Seriously, listen to this episode of Decades of Horror. You will hear not only an entertaining podcast about a film, but you will hear a man discussing one of his passions with an uncontained and infectious joy that very few others can convey. I was already a fan, but having later gotten to know Santos, even if it was relatively briefly, and discussed the film with him, I probably like it more now having had his love for the film bubble over and infect me a bit. Certainly, I will never be able to watch the film again without thinking of him or of his comments about it.
The Manitou (1978) – Episode 10 – Decades of Horror 1970s
Later, thanks to a recommendation by Bill, I would sit in on a Decades of Horror podcast dedicated to The Blind Dead franchise. I had a blast. It’s always fun to talk horror movies with Bill, but it was even more fun talking them with Bill, Doc, and Santos. If it hadn’t already been obvious from hearing how he interacted with Bill, Santos proved himself to be an extremely open and generous podcast partner. The podcasts are Doc’s babies and he has to run the show, so there’s a level of control and coordination he has to have during the show, but Santos was billed as the host. Bill at least came in with a name in indie horror. He was an award winning indie filmmaker who was already becoming a name on the regional convention and film festival scene. I was coming on with basically nothing behind me. I’d had two short runs with very short lived and by then defunct genre sites and was really only just starting to work with Needless Things. It would have been extremely easy- maybe even understandable -for Santos to have been somewhat dismissive of my presence and not been at all generous with sharing time on the show with me during discussions or at all open with me before, during, and after the recording. He was already establishing a notable career in the horror community and had been around some major names. I was just a geek who happened to really like The Blind Dead.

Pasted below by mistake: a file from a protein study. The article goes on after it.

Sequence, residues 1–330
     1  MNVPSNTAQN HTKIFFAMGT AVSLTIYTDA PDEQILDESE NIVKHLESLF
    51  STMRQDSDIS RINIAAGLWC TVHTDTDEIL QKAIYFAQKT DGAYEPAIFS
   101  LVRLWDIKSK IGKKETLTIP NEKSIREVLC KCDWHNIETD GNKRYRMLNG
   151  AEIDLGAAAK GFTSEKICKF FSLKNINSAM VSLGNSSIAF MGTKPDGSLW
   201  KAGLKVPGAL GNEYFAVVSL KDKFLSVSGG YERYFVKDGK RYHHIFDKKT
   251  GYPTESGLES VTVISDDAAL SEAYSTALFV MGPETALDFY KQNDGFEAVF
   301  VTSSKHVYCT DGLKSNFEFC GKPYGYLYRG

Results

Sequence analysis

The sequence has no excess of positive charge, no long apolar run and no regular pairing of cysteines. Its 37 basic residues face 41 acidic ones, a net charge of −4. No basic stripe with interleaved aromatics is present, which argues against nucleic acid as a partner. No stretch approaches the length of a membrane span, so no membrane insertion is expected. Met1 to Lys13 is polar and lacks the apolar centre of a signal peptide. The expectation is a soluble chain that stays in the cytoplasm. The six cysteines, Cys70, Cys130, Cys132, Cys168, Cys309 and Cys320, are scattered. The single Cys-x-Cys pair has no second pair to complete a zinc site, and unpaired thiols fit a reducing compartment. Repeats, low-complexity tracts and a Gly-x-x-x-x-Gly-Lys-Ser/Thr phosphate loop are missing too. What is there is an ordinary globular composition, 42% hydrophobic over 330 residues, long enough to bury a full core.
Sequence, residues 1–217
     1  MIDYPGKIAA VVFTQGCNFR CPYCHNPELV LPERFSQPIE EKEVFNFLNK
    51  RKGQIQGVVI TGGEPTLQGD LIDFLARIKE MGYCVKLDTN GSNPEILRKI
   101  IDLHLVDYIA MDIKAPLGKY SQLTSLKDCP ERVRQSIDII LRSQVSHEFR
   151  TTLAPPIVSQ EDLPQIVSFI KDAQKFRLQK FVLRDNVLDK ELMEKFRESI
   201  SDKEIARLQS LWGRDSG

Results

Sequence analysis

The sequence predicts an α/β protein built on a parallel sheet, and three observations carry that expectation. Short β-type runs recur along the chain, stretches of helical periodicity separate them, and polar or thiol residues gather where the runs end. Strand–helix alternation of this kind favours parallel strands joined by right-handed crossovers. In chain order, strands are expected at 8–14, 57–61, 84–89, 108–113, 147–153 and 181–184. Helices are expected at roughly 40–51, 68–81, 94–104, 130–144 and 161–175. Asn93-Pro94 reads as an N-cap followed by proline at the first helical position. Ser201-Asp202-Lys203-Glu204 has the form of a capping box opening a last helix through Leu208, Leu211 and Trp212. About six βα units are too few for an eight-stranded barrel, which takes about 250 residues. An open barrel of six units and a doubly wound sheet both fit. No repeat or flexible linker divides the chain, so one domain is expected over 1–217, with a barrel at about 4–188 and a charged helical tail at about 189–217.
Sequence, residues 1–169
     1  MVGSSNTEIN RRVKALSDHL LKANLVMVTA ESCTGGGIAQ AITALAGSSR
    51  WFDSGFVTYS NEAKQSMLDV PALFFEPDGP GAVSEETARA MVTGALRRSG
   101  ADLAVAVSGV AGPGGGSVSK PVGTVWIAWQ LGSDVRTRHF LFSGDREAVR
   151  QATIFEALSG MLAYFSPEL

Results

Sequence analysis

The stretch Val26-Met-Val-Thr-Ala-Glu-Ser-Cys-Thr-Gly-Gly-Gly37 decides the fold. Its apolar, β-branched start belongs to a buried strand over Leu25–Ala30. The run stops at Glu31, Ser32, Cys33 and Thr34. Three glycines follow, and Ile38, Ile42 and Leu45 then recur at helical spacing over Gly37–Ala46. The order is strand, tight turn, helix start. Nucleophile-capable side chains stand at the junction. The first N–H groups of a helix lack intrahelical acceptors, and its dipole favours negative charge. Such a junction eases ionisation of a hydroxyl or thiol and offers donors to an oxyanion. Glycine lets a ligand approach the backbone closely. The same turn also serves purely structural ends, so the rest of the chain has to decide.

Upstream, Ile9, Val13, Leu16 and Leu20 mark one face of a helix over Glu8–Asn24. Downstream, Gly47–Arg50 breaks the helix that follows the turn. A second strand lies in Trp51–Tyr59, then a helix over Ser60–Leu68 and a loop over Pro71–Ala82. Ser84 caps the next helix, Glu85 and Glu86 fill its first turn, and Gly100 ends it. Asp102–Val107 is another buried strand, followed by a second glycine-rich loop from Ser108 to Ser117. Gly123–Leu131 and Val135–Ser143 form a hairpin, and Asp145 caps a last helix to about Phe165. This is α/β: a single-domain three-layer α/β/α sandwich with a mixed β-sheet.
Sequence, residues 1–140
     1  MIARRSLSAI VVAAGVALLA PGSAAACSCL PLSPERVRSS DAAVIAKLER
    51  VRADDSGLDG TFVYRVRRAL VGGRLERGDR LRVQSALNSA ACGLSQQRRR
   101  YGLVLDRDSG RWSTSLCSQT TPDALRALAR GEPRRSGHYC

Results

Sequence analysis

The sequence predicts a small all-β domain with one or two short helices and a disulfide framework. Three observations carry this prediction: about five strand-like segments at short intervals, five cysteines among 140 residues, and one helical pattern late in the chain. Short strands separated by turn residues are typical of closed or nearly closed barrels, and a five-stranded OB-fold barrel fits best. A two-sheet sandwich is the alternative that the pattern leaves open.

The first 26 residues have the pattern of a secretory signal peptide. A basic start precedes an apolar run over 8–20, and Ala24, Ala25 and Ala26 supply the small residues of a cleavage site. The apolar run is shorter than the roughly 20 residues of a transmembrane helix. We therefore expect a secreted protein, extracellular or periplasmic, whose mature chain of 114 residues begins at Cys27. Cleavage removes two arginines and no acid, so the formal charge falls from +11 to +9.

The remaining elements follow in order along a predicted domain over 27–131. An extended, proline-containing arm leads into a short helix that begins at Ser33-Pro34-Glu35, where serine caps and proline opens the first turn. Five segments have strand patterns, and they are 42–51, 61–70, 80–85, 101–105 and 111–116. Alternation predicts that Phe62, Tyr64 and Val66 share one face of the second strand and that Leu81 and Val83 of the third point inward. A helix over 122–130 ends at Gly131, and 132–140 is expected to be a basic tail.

But Santos was one of those people who didn’t get hung up on stuff like that. He was a fan, I was a fan, we could all talk together about a shared love as fans and enjoy ourselves while doing it, and that really was all that seemed to matter to him. It was very shortly after that podcast when we connected on Facebook.